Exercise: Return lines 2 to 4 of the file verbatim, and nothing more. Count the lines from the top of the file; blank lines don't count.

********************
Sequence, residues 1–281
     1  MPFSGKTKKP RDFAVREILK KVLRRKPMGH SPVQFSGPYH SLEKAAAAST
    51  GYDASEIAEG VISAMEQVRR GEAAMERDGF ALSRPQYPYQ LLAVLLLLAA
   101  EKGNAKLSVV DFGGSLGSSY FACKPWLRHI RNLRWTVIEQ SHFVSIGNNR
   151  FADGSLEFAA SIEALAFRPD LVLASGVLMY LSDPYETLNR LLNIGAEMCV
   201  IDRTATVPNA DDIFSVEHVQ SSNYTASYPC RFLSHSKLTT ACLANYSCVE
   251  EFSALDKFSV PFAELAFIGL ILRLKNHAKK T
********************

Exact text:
     1  MPFSGKTKKP RDFAVREILK KVLRRKPMGH SPVQFSGPYH SLEKAAAAST
    51  GYDASEIAEG VISAMEQVRR GEAAMERDGF ALSRPQYPYQ LLAVLLLLAA
   101  EKGNAKLSVV DFGGSLGSSY FACKPWLRHI RNLRWTVIEQ SHFVSIGNNR